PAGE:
3. Wine grapes

Connoisseurs take note — suitable locales for growing premier grapes are gradually inching northward to higher-elevation land with relatively cooler climates such as Oregon. This is because the highest-quality wine grapes require warm temperatures, low risk of frost damage and no extreme heat. Long-term warming trends are expected to impact vintage quality and therefore which grape varieties can be grown in certain wine regions. In addition, wildfire smoke exposure to ripening grapes can potentially spoil their taste and aroma. This is particularly pertinent in major wine regions like Oregon and California where the annual risk and frequency of wildfires have been increasing.

Based on our research and analysis of state-level climate reports and expert interviews, we developed a perspective on the long-term outlook for yields across different crop types, based on key climate developments in important growing regions (see Figure 5). Trends in productivity vary by region.

  • In the Pacific Northwest (i.e., Oregon, Washington), the lengthening of the growing season and decreased winter freezes (with a tendency toward wetter winters) will be beneficial to most crop types grown in the region, with a particularly positive impact on fruits such as apples for which the reduction in chilling hours is not enough to offset yield increases from warmer weather.

  • In contrast, a region such as Florida faces future challenges from stronger and more frequent tropical storms, severe flooding and higher water salinity, lowering productivity for row crops as well as fruit and vegetable crops such as citrus and sugarcane.

  • In the Corn Belt, a combination of temperature and moisture changes is expected to lower the productivity of land that has traditionally been focused on corn and soybeans, with research indicating more suitable conditions for row crops are likely to shift northward toward Minnesota and the Dakotas.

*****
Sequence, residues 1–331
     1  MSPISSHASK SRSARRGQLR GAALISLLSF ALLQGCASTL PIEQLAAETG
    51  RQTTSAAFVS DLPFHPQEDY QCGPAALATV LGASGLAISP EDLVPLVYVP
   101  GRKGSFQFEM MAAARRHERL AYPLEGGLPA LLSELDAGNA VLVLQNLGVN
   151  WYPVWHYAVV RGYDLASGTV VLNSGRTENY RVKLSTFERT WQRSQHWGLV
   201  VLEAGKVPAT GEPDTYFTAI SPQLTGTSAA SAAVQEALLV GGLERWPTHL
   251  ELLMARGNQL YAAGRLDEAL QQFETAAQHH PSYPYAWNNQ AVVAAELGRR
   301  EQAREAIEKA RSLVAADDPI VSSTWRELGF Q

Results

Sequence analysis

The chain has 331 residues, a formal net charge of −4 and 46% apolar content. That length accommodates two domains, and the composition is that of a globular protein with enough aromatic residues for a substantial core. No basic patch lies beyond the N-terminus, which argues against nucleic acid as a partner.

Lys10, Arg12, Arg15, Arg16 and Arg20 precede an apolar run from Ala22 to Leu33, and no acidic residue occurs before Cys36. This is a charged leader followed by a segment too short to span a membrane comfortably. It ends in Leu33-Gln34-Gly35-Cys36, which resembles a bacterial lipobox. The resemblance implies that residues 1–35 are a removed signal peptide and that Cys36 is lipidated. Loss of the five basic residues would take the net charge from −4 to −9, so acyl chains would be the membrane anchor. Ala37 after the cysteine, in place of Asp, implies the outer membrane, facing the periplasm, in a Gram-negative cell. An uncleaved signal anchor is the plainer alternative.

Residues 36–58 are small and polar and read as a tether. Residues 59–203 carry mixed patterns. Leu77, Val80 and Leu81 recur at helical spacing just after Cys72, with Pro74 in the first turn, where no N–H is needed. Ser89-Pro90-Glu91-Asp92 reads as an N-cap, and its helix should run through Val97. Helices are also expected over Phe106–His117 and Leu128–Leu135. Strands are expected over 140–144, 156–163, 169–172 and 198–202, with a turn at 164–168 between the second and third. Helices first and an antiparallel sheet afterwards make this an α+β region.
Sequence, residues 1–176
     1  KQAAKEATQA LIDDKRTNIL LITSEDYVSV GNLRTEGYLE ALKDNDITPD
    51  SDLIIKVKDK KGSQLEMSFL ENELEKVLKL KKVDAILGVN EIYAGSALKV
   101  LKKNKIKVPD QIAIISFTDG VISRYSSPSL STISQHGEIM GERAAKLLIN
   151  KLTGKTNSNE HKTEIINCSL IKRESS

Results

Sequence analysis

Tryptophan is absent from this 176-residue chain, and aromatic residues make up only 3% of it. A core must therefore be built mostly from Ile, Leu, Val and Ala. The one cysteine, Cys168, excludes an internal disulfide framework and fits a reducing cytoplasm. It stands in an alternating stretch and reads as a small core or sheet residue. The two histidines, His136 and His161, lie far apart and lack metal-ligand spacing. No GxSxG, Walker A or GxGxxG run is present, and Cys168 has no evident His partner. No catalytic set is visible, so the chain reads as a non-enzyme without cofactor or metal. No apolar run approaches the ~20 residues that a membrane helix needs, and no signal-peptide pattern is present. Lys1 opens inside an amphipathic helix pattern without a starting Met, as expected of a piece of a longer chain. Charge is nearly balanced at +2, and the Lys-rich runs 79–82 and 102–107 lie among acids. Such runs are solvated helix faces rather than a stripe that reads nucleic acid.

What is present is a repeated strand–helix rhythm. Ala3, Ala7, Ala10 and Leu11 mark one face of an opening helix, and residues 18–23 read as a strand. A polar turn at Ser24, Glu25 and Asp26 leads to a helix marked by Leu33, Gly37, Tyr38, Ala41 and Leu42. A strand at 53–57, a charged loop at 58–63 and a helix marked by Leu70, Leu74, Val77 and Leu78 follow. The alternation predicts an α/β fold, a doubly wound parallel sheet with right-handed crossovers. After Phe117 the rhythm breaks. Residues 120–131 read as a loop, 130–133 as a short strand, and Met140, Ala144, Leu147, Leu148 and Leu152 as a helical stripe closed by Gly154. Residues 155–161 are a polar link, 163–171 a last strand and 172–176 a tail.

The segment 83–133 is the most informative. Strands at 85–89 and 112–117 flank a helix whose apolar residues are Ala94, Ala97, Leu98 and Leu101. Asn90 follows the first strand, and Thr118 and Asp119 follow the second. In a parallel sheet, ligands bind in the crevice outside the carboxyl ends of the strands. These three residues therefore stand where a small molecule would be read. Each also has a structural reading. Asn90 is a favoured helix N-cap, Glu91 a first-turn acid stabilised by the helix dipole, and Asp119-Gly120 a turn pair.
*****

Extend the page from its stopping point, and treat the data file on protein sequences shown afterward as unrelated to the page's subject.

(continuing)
Implications for investors and players in the ecosystem

Shifts in crop growing conditions across the U.S. are already underway, albeit at a gradual pace over a multidecade time horizon; the Corn Belt will not stop growing corn anytime soon. However, climate shifts have already started to affect the cultivation map of numerous crops given where they are likely to be most productive in the future.

  • Producers may find it necessary to adapt to changing conditions by diversifying crop types or reallocating some land toward other uses such as renewable energy or animal production; however, the switching costs involved may be significant

  • Processors and supporting infrastructure, including mills, grain elevators, and fruit and vegetable packhouses, should consider future investments in facilities and logistics networks to ensure that they will be located in optimal future locations of higher productivity

  • Food companies may need to evaluate the resilience of their ingredients supply chain to future potential climate shifts and take action to develop new supplier relationships or strengthen existing ones

Based on our deep expertise in produce, the growing controlled environment agriculture industry and sustainability, we believe agribusiness and food investors in particular should assess the impact of climate shifts through the following lenses and key questions:

  • Investment-related:

    • How likely are key value drivers of a company/asset to be affected by potential future climate risk? And how might this affect future valuations?
    • What potential upside opportunities could emerge as a result of climate shifts, and where should companies and investors look for new assets and locations with positive future exposure?
    • How will availability and costs of financing from bank lending or capital markets change as climate risk increases?
  • Operational:

    • In what ways will climate policy, technology and changing consumer preferences impact prices, costs and demand?
    • In light of this, what climate mitigation/response initiatives should be put in place to maintain or improve future margins?

In summary, the future impact of a shifting cultivation map will have significant implications for established companies and new investors in the agribusiness and food sectors. Companies and investors who put climate-related risk at the top of the corporate agenda as an increasingly important strategic issue will be much better prepared for potential future impacts. And those who think ahead are also more likely to uncover attractive areas of new opportunity resulting from climate-related changes